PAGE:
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Long-range electrodynamic INteractions between proteinS

Periodic Reporting for period 1 - LINkS (Long-range electrodynamic INteractions between proteinS)

Reporting period: 2021-09-01 to 2022-08-31

What are the physical forces that bring the huge number of biochemical players in cells at the right place, in the right order and in a reasonably short time to sustain cellular function and ultimately cellular life? Biology has already demonstrated how, on short distance scales (less than ten Angstroms), well known forces (e.g. Coulomb, van der Waals, etc.) drive these intermolecular interactions and explain how proteins, when they get very close to each other, end up attracting and assembling together to start reactions. An important question remaining open is: how do they get close enough to react? Are there other mechanisms beyond random “blind” movements that allow them to mutually "find each other" when and where needed? In the LINkS project, we are proposing a novel kind of Long range ElectroDynamics Interactions (LEDIs) to explain the spatial and temporal organization for efficient transmission of information in cells and their functioning.

Expanding the list of known intermolecular interactions by adding long-range force of new kind and explaining its role in the cellular machinery could lead to a paradigm-shift in biophysics and to the development of an entire segment of the biomarker industry; as it shapes biomolecular dynamics in biology.

Early stage diagnosis of diseases should have a radical societal and economic impact at the European level. Today, proteomic analysis requires expensive scanners as well as chips with limited lifetime and specific storage conditions. New thinking is needed to have a significant impact on drug discovery and new therapies. Future state-of-the-art of technological devices are needed to significantly accelerate proteomic analysis and reduce the costs of research, clinical diagnostics and drug-dosing. LINKS contributes to this with its low-cost, time-saving, high-reliability biosensor approach. European industry will benefit from LINkS technology to enable a more efficient and specific method of early disease diagnosis, thereby contributing to the creation and development of related markets.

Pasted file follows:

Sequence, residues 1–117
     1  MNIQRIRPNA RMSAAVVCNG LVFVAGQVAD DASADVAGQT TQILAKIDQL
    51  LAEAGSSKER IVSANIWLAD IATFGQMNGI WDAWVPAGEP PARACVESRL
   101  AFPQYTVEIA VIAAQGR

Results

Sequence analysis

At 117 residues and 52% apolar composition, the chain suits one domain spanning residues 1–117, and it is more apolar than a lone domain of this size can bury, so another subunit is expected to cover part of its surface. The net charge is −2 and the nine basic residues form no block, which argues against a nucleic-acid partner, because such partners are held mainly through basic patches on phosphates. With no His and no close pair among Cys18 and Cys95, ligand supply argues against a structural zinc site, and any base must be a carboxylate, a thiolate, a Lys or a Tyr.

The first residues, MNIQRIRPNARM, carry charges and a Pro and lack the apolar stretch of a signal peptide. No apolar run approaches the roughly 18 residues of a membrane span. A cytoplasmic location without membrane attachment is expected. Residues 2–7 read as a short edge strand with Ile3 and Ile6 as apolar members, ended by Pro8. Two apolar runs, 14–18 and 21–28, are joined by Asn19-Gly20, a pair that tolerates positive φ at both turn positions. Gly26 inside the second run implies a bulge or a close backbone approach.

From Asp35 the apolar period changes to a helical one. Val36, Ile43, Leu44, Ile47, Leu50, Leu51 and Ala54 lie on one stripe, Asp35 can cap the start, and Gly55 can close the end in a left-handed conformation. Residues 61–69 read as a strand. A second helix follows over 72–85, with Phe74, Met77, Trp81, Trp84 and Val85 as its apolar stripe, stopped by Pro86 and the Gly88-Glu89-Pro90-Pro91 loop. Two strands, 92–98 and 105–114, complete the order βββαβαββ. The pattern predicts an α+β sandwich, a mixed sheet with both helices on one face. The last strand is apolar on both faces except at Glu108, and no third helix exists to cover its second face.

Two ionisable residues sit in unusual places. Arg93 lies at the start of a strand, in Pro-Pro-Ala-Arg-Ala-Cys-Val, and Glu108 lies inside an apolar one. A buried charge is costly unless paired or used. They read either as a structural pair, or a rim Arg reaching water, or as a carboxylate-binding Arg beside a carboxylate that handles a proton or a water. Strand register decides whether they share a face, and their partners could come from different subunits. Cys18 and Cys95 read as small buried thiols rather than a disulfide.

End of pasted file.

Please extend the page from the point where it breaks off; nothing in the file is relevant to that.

The main objectives of LINkS are :
• To demonstrate LEDIs activation as a mechanism sustaining molecular dynamic from the molecular level to the living-cells stage.
• To develop a breakthrough a biosensor technology to investigate LEDIs between proteins.
• To exploit the participation of academic and industrial partners from different scientific backgrounds to reinforce EU Nanobioelectronics industry capabilities, boosting innovation and growth of European SMEs by opening up new possibilities for other industries
• To build leading research and innovation capacity across Europe by training the young generation of scientists in cutting-edge technologies.
During the first reporting period between M1 to M12, partners have made significant progress on each WP despite the delays and limitations due to COVID-19 pandemic.
In WP1, a first set of model proteins has been identified taking into account biological arguments and technical constraints relevant to each experimental technique of the project. This first set of protein models will be updated during the course of the project, depending on the outcome of the tests. First batches of model protein with various number of dyes/protein for with different receptors were synthesis to dissociate energy pumping from FCS measurements to separate wide field illumination (out-of-equilibrium conditions required for LEDIs activation and spot FCS recording (induced variation of the diffusion coefficient). Collective oscillations of proteins were also probed by femto-second X-ray crystallography; mapping the direction of spontaneous and THz induced/enhanced/disrupted atom displacements. A proof-of-concept experiment is actually under review at PNAS.